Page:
Downward-facing dog might be your favorite yoga pose, but that isn't quite what I mean when I'm talking about the yoga of dog training.
There are dog trainers who have probably never been inside of a yoga studio but whose way with dogs is definitely a yoga. Mike, from whom I picked up Ellie, is one of those dog training natural yogis, although I'm not sure he would think of himself in that way. He just knows dogs, what they need, and how to interact with them. The rest of us need to develop our awareness and observation skills when interacting with our dogs, and that's where learning yoga tools is so helpful.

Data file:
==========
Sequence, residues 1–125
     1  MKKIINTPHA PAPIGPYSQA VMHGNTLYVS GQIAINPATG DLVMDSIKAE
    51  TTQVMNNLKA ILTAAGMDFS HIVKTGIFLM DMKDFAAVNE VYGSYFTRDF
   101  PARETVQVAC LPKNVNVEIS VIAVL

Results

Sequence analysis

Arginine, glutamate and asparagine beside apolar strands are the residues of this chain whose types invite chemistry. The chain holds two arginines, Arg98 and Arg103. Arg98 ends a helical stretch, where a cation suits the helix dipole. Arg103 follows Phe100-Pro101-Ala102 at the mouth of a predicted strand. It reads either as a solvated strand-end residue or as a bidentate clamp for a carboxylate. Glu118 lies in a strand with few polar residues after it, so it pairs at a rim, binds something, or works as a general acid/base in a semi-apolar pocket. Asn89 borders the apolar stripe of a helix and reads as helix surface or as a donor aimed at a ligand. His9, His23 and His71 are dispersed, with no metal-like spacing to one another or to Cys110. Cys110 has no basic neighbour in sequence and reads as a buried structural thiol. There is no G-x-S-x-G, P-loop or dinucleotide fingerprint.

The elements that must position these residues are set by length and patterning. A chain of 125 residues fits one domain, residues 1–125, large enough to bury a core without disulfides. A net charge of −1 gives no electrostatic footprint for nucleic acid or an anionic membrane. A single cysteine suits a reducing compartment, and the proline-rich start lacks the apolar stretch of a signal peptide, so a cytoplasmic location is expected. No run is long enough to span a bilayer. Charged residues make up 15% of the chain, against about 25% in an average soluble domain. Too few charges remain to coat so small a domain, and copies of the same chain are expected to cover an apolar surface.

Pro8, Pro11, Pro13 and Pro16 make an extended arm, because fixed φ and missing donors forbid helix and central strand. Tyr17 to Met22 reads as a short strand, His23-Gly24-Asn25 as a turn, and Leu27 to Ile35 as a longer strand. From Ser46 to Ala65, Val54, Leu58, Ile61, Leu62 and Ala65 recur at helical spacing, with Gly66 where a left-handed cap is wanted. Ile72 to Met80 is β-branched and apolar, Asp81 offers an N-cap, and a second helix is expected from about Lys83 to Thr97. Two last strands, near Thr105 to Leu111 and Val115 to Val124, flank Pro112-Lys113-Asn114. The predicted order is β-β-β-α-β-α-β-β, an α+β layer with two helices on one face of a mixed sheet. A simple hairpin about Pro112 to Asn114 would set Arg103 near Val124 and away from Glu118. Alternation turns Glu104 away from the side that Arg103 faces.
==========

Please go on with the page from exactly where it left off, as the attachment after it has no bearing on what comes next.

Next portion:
The yoga tools that I find helpful in my work with dogs and other animals include: asana (postures) and vinyasa (movement) to develop a strong and centered stance (very useful when with a dog that pulls), breathwork (useful for calming and regulating energy levels up and down when needed) and meditation tools for focusing awareness, observing behaviors, and learning more deeply about the dog.
Ellie has a very strong prey drive, and her focus is naturally outward, towards things that move (like cats). My focus, in training, has to be on Ellie, and how to help her direct some of that acute attention towards me. I'm using a combination of clicker training, and neutral techniques called 'park' and 'racetracking'.